Japanese Roll Cake, Jelly Roll, Swiss Roll.


One of very popular cake is Roll Cake, Jelly roll, Swiss roll in Japan. I think recently (about 10 years ago) started getting more popular. We had Jelly roll cake when I was kid more, but now more decoration and better taste roll cakes anywhere in Japanese cake shop. Bûche de Noël is very popular when I was kid for Christmas. Bûche de Noël is very popular when I was kid for Christmas. If you want to read more about Bûche de Noël, go to this page.

A Swiss roll or jelly roll is a type of sponge cake roll. The thin cake is made of eggs, flour and sugar and baked in a very shallow rectangular baking tray, called a sheet pan. The cake is removed from the pan and spread with jam or buttercream, rolled up, and served in circular slices.
The origins of the term “Swiss” roll are unclear and the cake originated in Central Europe and not Switzerland. It is a traditional German, Hungarian and probably Austrian type of cake. The shape of the Swiss roll has inspired usage of the term as a descriptive term in other fields, such as in optics. If you want to know about Roll Cake go to this page.

chestnut cream

chestnuts roll cake

This time, I use chestnuts cream from France. When I went to France I bought them a lot and brought back home. I had never found this in the store near my house. However, I finally found one from Whole Food store, recently. I was very very happy at that day!
Not so many chestnuts cake in United States. I don’t know why people not eat this. They may not discover this taste? They just don’t know the existing? I don’t know! But as a Japanese person, I like chestnuts taste and miss them once and a while.
I can not find it, so I have to make it by myself. And this is the easiest, simple cake you can make it. My Japanese girl friend who lives in Germany thought me this recipe. And she is the one said I should buy these chestnuts cream when I go to France. And in France, it is very easy to find this can chestnuts, I think almost any glossary store carry this product.

I whipped cram, no addition of any sugar but I put this whole can of chestnut cream and mix with it.  It is already sweet chestnuts.  Put on the sponge and roll!  It is so easy.  I serve this to my American friends, they all liked it.  I still don’t know why they don’t have this great sweets in this country…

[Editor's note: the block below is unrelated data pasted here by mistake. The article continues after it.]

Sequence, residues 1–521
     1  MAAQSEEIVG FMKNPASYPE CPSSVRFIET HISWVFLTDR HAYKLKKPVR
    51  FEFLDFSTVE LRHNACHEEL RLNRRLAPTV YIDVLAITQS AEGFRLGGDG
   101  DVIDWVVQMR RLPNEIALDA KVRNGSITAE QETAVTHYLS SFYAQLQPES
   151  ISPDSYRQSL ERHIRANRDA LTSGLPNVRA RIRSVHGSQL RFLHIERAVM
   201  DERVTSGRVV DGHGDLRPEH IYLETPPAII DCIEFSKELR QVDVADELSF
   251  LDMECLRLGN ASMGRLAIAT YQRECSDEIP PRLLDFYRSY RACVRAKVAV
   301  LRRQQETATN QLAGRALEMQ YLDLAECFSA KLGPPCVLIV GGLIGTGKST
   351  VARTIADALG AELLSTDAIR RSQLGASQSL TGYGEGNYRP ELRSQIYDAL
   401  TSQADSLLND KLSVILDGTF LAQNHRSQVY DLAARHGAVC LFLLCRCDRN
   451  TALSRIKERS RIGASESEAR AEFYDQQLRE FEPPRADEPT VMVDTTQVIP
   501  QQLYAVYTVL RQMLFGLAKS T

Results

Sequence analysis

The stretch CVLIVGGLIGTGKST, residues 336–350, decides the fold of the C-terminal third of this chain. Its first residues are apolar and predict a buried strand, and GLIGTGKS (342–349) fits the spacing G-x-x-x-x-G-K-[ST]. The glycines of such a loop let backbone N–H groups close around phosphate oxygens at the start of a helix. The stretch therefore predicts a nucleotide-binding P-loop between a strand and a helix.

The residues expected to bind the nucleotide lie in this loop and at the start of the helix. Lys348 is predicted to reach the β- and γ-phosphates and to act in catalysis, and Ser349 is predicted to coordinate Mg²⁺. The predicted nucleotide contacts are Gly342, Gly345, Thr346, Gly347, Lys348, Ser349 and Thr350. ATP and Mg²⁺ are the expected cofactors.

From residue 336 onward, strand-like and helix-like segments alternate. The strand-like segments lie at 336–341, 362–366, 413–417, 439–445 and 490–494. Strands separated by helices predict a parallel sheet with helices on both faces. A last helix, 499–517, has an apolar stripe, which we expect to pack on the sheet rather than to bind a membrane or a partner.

Children’s Day Festival and anime charactor cake

support japan cake

I was invited every year for Japanese Children’s day Festival, Kodomonohi festa at my friend house in Charleston. This couple of years I hadn’t went but this year, finally, I went. What they do is just meet Japanese people and Children who live in around Charleston area and cerebrate Children’s day together. It is a great day to see your friends.

We do potluck (spell?) so you can see many foods there. However, the main thing is a Anime charactor cake and cup cakes for the kids. Some volunteer mother get together a day before and make a cake and cup cakes. They decorate cakes for Japanese Children’s Day Festival. You may not know but Anpan-man who is a big cartoon, anime charactor for Japanese kids. About this past 15 plus years, every kids (3 to 5 years old) know the hero Anpan-man.
This is the Anpan-man character and his friends. And this is the Cakes! I found Pika-chu, too.
You can not find this in the American cap cake shop!

jam oji san? sponge bob pika pika i don:t know the name i don:t know the name shoku pan man dokin chan anpanman cup cake thomas

Children’s Day (こどもの日 Kodomo no hi?) is a Japanese national holiday which takes place annually on May 5, the fifth day of the fifth month, and is part of the Golden Week. It is a day set aside to respect children’s personalities and to celebrate their happiness. It was designated a national holiday by the Japanese government in 1948.

Although it is not known precisely when this day started to be celebrated, it was probably during the reign of the Empress Suiko (593–628 A.D.). In Japan, Tango no Sekku was assigned to the fifth day of the fifth month after the Nara period.
Until recently, Tango no Sekku was known as Boys’ Day (also known as Feast of Banners) while Girls’ Day (Hinamatsuri) was celebrated on March 3. In 1948, the government decreed this day to be a national holiday to celebrate the happiness of all children and to express gratitude toward mothers. It was renamed Kodomo no Hi. If you want to read more about Kokomo no hi, go this page.